The effects of the Trans-Atlantic slave trade are evident the histories of many countries in the world. The enduring infamy of hundreds of years of trading in enslaved peoples is a legacy of cruelty, but one that is often unknown.Recently various collections of slave trading records have recently been digitized, giving new insights into how the captured were treated and where they came from.

Via/ Digital Georgetown

The ship record of the slave ship, Mary, was recently digitized by Georgetown University. The record dates from 1795 and the ship’s captain at the time was John Sterry. The ship’s owner (the financier of the trip) was Cyprian Sterry. The vessel departed from Providence, Rhode Island, on November 22, 1795. Despite the Trans-Atlantic slave trade having been restricted in Rhode Island in 1652 and again in 1774, slavers from the area controlled between 60 and 90 percent of all incoming slaves in the U.S. during the period.

Simply put, the laws on the slave trade were not enforced in Rhode Island at the time, allowing for large ships like the Mary to continue importing slaves from West Africa, the Ivory Coast, and the Gold Coast. But, the Mary did not deliver enslaved people back to Rhode Island, instead bringing them straight to the plantation-heavy state of Georgia to be sold.

Via/ Digital Georgetown

We will never know the names, ages, tribes, and subsequent histories of the kidnapped people aboard the Mary. But, we do know from the logbook that 38 of them never made it to Georgia. The causes of death for the unnamed enslaved aboard the Mary included suicide, infectious diseases, and severe discipline and execution by the ship’s crew for misbehavior.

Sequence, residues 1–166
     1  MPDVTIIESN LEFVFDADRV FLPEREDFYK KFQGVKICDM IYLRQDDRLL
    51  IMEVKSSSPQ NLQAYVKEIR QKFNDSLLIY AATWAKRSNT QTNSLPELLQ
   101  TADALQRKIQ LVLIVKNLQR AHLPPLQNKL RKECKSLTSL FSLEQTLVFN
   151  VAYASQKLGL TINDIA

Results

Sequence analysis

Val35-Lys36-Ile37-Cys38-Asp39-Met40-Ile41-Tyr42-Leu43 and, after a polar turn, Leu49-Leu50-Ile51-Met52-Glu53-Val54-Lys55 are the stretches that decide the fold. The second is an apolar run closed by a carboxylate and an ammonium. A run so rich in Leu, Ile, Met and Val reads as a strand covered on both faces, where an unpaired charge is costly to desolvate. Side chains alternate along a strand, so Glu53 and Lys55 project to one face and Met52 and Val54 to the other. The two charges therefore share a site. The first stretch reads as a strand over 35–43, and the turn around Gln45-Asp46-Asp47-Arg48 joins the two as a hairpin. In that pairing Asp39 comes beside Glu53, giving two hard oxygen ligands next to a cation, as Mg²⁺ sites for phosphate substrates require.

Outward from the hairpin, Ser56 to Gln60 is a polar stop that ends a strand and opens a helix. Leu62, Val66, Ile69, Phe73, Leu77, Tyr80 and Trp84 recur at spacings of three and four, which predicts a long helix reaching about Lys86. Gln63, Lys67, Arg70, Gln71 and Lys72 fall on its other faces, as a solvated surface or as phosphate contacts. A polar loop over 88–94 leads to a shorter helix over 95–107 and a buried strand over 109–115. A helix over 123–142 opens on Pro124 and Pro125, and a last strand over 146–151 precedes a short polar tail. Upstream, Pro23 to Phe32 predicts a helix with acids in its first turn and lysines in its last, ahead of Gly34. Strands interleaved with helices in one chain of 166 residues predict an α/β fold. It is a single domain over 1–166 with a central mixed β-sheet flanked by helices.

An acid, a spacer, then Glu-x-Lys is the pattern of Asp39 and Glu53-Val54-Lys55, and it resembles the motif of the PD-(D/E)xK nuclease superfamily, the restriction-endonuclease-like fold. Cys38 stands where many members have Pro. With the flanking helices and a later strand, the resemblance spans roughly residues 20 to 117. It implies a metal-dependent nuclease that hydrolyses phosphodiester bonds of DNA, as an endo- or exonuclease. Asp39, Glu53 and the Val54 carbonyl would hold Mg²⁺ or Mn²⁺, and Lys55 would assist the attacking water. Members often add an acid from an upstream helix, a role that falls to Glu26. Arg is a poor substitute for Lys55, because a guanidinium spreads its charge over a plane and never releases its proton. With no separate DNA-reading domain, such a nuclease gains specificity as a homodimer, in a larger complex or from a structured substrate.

Only a week after leaving the western coast of Africa for the final time, 4 enslaved men were killed after they had escaped their shackles and attempted to take control of the ship. Months later 3 members of Captain Sterry’s own crew attempted the same, adding the murder of the captain to their agenda.

Plans of a seized illegal slave ship in 1822. Via/ Library of Congress

At each stop along the slave route, the Marywould stop at so-called slave castles. These forts were built for the explicit incarceration and trading of kidnapped Africans, streamlining the lucrative business of international slave trading.

Slavery in the U.S. was legal until the Civil War, but from 1808 onwards bringing new slaves imported from outside the U.S. was illegal. So, what became of Sterry’s business? Only 2 years after this logbook was created, the Providence Abolition Society sued Sterry for violating the law and won. His last slave ship voyage was completed in 1797.

Elmina Slave Castle in Ghana, erected by the Portuguese in the 15th century. Via/ Library of Congress

The Mary logbook is one of an emerging series of records about the Trans-Atlantic slave trade. This book was found in a closet in the California home of Robert S. Askew, who reached out to a friend and alumnus of Georgetown University, where the book was later donated.

Since the donation the book, which was in bad condition, has been restored. A text version may soon be available, but for now you can study each page in the elaborate 18th century script of the captain’s assistant.

Engraving from 1854 of slave traders at work. Via/ Library of Congress

For more information on the slave trade, you can visit the Trans-Atlantic Slave Trade Database, one part of a growing body of work attempting to shed light on the details of this gruesome period in world history that erased the names and pasts of an estimated 12.5 million Africans.